### A.4 Losses

The loss for all three models is of the form
where *ℒ* is either pseudolikelihood or masked language modeling and *R* is a regularizer.

#### Potts regularization

Consider the order-4 interaction tensor *W*, whereI:*W* ^{ij} *∈* R^{A×A} gives the parameters associated to edge (*i, j*). We regularize *W* by setting This term is multiplied by *λ · L · A*, following Ovchinnikov et al. (2014).

#### Factored attention regularization

Since factored attention is also a fully connected pairwise MRF, we use identical regularization to that of Potts. The order-4 tensor *W* is given by

#### Single-layer attention regularization

Due the lack of an MRF interpretation for single-layer attention, we chose to use weight decay as is typically done for attention models. This corresponds to setting *R*(*θ*) to be the sum of Frobenius norm squared for all weights *W*_{Q}, *W*_{K} and *W*_{V}.

#### Single-site term

When any model has a single-site term, we follow standard practice and regularize its Frobenius norm squared.

### A.5 ProtBERT-BFD head selection

### A.6 Data and Metrics

#### A.6.1 Selection of Protein Families

We used the following sets of families for model development:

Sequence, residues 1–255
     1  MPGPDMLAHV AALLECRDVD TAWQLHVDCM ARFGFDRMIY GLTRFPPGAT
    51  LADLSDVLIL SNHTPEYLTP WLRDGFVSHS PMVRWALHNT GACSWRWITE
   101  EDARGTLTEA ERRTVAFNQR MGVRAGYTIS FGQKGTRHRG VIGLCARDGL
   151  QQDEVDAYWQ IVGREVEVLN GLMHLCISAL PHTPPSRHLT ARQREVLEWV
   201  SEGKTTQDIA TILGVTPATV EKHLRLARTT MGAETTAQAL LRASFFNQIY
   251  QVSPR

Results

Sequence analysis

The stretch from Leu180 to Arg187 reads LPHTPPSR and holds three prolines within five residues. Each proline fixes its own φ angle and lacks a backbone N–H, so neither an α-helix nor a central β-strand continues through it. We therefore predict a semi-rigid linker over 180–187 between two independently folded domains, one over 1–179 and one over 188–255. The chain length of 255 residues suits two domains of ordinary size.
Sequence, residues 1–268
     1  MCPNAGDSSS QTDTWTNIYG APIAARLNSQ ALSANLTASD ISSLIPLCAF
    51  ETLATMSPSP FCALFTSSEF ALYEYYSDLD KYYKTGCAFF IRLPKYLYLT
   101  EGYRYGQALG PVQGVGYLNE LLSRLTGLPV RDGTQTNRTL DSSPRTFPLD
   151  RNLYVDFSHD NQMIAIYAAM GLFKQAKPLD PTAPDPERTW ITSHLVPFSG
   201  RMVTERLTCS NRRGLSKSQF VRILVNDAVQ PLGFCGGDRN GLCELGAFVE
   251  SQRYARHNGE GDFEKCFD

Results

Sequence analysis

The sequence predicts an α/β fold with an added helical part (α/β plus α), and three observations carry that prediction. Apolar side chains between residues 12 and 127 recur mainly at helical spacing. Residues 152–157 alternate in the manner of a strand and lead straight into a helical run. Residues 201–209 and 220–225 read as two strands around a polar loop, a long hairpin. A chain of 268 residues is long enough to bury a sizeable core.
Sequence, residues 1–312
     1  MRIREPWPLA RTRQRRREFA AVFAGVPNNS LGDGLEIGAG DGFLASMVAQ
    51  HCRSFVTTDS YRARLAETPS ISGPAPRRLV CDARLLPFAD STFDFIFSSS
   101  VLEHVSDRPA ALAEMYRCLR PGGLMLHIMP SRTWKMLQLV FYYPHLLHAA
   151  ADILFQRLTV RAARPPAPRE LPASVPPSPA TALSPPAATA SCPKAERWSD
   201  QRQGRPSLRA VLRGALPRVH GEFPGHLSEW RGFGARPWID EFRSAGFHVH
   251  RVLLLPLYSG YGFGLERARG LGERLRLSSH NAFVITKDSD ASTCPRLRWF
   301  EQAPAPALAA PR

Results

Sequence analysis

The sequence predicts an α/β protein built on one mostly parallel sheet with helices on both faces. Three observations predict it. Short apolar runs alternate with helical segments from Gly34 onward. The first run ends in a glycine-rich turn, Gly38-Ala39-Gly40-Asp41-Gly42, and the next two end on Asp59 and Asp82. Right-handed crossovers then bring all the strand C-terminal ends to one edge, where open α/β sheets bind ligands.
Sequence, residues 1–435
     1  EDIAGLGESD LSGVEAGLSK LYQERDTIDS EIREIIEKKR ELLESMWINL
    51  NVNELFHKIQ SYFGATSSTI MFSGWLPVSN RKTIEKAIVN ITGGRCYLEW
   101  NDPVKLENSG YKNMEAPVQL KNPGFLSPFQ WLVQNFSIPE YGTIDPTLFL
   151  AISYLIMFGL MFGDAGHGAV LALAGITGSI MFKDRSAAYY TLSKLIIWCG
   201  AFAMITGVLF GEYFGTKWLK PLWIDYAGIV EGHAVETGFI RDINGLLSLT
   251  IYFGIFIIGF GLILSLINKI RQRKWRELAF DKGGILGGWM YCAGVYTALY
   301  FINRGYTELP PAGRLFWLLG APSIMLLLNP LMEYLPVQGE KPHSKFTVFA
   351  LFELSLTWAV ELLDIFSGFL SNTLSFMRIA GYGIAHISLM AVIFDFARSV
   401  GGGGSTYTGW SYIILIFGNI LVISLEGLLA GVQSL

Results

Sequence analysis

A set of 748 families was chosen for performance evaluation. All metrics reported in the paper are on this set, with a single choice of hyperparameters for Potts models, factored attention, and standard attention. The 748 families were chosen randomly from the Yang et al. (2019) dataset, which consists of 15,051 MSAs generated from the databases UniClust30 and UniRef100 (Suzek et al., 2007), as well as metagenomic datasets. Our random sample is representative of the range of MSA depths and protein lengths, see Figure 10.

A set of six families from the 748 was chosen to choose hyperparameters for single-layer attention. They were chosen to span a range of MSA depth (large and small), as well as three different regimes of Potts performance (Good, Ok, Poor). These families were used to tune hyperparameters as described in Section A.7.1. See Table 3.